Well, that’s fine, you know where you stand. Working with a pay yourself first budget gives you complete clarity about where you are compared to your goals.

If you can only afford to invest 35% of your income, then you know that making an extra 5% through side hustling is an option.

The peace of mind knowing exactly where you are compared to your goals is priceless.

The hybrid budget

Personally, I sit somewhere right between these two schools of thought. All of my direct debits leave my current account a couple of days after payday. This includes investments, savings, debt repayments and household bills.

I set 10% of my income aside in a separate account to use for ‘fun’ spending.

I most definitely pay myself first.

That said, I do still use spreadsheets to monitor my spending for the month. This:

  1. Allows me to monitor ‘lifestyle inflation’ to ensure my frivolous spending isn’t increasing and
  2. Gives me peace of mind that I am not going to overspend with what I do have left after investing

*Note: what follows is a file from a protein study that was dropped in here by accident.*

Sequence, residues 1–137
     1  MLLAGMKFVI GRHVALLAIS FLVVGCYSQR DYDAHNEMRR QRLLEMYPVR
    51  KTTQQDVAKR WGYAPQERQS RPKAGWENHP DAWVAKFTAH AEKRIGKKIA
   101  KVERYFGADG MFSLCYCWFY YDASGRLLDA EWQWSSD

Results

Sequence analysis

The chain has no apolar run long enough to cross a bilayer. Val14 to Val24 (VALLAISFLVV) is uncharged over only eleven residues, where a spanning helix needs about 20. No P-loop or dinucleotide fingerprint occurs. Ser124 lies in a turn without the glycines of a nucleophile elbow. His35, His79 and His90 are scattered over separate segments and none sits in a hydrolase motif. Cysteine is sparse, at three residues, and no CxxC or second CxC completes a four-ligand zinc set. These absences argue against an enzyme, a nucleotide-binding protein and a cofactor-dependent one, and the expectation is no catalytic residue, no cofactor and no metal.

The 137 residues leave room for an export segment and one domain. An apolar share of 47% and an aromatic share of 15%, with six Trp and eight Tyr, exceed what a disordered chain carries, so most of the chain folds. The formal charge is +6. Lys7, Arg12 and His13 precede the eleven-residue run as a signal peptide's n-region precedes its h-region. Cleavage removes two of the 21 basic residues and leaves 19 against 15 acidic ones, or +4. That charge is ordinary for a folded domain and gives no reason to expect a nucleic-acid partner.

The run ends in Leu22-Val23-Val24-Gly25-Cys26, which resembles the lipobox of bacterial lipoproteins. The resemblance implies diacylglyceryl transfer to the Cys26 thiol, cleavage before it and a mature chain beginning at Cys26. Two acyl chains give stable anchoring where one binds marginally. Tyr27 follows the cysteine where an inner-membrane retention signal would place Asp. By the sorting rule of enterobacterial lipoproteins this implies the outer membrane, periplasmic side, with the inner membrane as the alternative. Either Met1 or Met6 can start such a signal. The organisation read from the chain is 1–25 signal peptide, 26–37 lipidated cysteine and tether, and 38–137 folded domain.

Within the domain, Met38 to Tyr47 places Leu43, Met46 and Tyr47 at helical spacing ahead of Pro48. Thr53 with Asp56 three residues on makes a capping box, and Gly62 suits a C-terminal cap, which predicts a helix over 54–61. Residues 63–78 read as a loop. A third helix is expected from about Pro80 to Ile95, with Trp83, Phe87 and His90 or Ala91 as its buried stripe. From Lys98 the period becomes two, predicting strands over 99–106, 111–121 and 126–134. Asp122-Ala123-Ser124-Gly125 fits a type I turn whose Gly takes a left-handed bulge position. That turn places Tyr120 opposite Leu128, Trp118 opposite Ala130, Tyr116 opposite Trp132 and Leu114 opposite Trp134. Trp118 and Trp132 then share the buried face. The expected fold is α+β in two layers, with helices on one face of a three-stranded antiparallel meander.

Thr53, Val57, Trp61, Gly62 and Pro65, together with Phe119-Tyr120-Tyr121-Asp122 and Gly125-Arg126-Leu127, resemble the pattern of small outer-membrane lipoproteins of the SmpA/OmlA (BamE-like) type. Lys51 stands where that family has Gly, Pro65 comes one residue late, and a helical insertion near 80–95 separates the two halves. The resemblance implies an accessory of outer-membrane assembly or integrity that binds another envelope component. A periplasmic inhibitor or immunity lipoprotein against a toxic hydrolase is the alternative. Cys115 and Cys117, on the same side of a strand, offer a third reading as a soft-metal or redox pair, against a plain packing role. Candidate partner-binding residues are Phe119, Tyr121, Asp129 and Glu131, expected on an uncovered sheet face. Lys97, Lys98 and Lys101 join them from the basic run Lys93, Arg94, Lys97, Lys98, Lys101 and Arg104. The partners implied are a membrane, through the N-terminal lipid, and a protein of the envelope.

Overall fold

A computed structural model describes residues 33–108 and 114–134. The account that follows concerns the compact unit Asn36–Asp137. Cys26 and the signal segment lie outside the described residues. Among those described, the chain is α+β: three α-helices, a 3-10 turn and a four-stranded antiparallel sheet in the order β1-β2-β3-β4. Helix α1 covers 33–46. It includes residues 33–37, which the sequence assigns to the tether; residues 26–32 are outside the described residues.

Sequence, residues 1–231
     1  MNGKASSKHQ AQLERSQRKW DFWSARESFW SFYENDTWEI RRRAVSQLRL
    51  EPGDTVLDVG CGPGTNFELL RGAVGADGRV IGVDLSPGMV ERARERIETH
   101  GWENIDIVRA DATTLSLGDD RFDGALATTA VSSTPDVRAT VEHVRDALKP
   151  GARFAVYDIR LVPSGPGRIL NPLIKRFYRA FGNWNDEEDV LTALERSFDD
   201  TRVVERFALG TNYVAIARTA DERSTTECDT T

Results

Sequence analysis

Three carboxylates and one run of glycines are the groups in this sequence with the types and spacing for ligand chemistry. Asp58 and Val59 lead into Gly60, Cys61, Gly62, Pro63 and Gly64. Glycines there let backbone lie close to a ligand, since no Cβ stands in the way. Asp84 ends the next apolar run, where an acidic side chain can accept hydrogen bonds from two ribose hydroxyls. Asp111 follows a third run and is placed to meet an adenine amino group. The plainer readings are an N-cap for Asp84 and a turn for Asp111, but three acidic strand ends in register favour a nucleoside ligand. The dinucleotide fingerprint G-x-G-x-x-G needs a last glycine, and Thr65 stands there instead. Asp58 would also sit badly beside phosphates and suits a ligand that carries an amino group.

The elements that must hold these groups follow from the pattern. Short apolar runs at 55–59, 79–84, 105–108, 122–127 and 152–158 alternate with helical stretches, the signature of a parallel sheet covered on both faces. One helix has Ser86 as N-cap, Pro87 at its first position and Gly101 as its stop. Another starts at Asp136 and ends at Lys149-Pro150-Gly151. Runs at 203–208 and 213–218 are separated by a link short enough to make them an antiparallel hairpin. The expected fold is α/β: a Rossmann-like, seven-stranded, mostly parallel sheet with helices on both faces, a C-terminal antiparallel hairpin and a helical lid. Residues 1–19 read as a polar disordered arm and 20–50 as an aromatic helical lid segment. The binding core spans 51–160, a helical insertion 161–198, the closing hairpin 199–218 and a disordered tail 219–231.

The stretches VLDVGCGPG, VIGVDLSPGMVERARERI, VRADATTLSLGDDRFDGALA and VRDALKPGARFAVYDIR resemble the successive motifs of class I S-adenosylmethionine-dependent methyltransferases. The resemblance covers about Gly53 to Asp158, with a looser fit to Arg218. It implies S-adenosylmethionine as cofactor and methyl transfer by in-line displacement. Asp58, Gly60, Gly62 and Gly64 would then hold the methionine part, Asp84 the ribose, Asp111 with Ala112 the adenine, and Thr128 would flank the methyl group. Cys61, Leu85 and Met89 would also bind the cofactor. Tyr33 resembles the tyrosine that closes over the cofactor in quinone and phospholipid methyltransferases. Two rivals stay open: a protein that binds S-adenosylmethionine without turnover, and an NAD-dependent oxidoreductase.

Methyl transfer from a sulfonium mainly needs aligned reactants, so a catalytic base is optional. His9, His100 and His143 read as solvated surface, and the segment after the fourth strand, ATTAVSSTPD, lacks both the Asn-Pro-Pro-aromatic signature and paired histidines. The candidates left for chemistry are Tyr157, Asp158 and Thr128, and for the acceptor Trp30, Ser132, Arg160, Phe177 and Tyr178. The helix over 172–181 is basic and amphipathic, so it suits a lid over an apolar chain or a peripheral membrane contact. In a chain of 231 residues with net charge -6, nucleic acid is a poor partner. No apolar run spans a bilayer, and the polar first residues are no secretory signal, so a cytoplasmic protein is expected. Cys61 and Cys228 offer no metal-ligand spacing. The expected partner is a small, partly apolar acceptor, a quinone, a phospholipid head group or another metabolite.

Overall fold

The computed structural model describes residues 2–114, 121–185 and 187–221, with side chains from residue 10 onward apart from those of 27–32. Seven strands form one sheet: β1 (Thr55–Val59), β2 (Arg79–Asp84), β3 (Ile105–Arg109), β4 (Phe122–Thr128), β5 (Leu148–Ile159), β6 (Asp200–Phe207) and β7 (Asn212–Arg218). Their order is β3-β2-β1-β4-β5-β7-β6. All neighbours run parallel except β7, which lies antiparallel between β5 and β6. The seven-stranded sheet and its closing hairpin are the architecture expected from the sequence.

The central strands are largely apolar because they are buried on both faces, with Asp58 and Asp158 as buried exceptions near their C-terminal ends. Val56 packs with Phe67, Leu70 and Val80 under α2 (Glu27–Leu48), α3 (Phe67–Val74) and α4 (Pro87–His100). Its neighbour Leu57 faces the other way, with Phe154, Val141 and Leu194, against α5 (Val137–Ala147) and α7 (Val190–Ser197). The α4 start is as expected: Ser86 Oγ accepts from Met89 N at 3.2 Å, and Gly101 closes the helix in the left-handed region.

I’m also a huge nerd, so keeping track of my expenses in linked spreadsheets with fancy graphs really does it for me.

What’s the secret?

There is no secret sauce for meeting your financial goals. For every piece of advice out there in the finance community, there will be a counter-argument somewhere else.

The secret lies within. Finding out exactly what works for you on a personal level is absolutely key for reaching your goals.

Some people would be happy to instantly transfer 40% of their salary to an investment account and just figure the rest out from there.

Some people need to go through all of their expenses with a fine-toothed comb to ensure they aren’t overspending.

Nobody is 100% right, and nobody is 100% wrong. The only person who can truly work out what is best for you is… Yep, you guessed it. You!!!!

Actionable tip 1 – Be aware and be accountable of your finances. However you do that is up to you, just make sure you do it.

But, make yourself aware!

That said, don’t sit on your hands and hope everything will be ok.

I look around people my age and almost none of them have any kind of long term financial planning or goals. In the UK, all employers are required to offer a workplace pension scheme. All employees are auto-enrolled and have to request to be un-enrolled.

That is a great start, but to really take back control of your financial future needs more than that. 5% of your salary into a workplace pension every month is fantastic, but there is so much more you could be doing.

Have thoughts on the budget vs anti-budget? I’d love to hear about it in the comments.